Falacy, I know you always talk about using other development tools besides BYOND but have you ever actually used one for more than a few minutes before closing it then never touching it again?
You just said yourself the wall sliding is, "mostly due to movement angles."
Wall sliding is a game-specific feature.
one which is entirely separate from pixel collision
It's something which should not be built into BYOND.
You'd need to create icons to act as density masks for each turf just to use this feature.
This is a feature that people ask for because they think games work this way.
It looks like they do, but most don't, which shows you how nicely bounding boxes can work.
Because most games do work this way.
On top of that, they both have much better handling of what happens if you do walk into a solid wall, so that it doesn't just look like the entire game came crashing to an end; CT simply continues your walk animation (which again, is common among most games), ALTTP continues your animation for a short while, and then switches you into pushing.
Both of those are game-specific details that you can easily implement. Maybe you want to continue showing the movement animation. Maybe you want them to stand still.
Maybe you want to show an animation when the player bumps into a wall.
Different games handle things different ways.
However BYOND's default movement works, there's a very good chance it won't be sufficient and developers will have to extend or change it.
When you get into game-specific details, it's not BYOND's job to implement features for you, it's BYOND's job to make it easy to implement the features you need. In this case, these features are already very easy to add.
It isn't easy, actually, it isn't possible at all to continue showing an animation. Unless you do something like manually change the icon_state when movement is involved, which is just a completely broken concept to begin with.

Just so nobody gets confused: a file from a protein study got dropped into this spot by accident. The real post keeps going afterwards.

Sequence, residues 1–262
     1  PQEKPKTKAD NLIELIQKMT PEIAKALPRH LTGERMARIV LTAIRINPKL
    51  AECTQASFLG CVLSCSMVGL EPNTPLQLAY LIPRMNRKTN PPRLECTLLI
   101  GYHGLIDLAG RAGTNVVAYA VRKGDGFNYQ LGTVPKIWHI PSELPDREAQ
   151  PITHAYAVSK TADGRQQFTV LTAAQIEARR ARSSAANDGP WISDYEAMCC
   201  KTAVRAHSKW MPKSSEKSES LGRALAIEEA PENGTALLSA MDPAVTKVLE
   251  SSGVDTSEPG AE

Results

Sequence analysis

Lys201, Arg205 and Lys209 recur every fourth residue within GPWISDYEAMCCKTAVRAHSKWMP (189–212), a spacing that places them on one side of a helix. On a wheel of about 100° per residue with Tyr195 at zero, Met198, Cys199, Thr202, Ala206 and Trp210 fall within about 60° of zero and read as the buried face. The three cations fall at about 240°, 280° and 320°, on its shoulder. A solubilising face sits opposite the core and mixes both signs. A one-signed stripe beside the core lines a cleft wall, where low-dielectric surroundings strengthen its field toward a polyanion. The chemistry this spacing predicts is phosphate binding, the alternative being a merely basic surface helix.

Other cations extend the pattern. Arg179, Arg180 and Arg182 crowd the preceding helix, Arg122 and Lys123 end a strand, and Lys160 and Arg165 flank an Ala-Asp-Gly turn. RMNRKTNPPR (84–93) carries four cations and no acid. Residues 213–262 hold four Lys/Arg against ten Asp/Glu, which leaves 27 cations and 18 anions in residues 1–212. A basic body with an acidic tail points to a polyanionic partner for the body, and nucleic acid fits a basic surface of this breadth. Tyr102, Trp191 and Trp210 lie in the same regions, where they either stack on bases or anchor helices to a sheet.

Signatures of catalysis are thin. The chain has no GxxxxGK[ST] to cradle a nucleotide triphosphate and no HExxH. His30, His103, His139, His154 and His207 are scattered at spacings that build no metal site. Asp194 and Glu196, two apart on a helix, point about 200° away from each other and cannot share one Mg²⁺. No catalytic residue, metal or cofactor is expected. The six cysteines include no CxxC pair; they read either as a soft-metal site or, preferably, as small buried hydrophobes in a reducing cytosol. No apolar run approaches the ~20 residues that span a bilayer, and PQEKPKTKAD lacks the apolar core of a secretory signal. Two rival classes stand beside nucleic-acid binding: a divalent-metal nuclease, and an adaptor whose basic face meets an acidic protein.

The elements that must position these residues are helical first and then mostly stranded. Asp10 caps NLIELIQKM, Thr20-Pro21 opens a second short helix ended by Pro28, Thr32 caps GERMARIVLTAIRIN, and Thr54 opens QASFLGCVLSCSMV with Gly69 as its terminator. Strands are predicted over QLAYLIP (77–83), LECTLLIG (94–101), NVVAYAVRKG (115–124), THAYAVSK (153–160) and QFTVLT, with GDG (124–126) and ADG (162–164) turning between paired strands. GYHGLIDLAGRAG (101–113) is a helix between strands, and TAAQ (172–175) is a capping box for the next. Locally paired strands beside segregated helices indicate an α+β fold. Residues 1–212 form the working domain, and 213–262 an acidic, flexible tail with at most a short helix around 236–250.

Then they need to make it better
You seem to have said that you want the box to wrap itself around each pixel, but then later in your post you said that the box should be defined by 2 numbers, which is what is already incorporated.
Even in more popular games such as Call Of Duty, each person has a "bounding box". A simple rectangle around their character that registers collisions.
A collision system based solely around the pixels is likely to be something made by another BYOND member. The BYOND staff probably won't include something like this in DM.
Games change the player's icon_state to reflect the action the player is performing all the time (attacking, running, flying, etc.). Having to change the player's icon state to show that they're trying to move is very simple and not out of the ordinary.
It's not that BYOND's default movement system isn't good enough. There are just game specific details that you'll have to add. Maybe one game wants the player to slide around obstacles and another doesn't. Whichever the default behavior is, one of those games will have to change it.
It's best to provide developers with a generic feature and give them the ability to write code to modify the movement system.
If you just have global constants they can change to control how movement works, you're out of luck when you want to implement something slightly different than what BYOND provides.
You'll have to write code to make a BYOND game, so there's nothing wrong with having to write some movement related code. BYOND makes it easy to add the features you've been asking for, and that's all you can expect.
breaking the concept of how iconning was designed.
There is something wrong with it when I have to work on an incredibly low level system like basic movement, and as I mentioned, these concepts aren't particularly easy (or efficient) to implement via DM.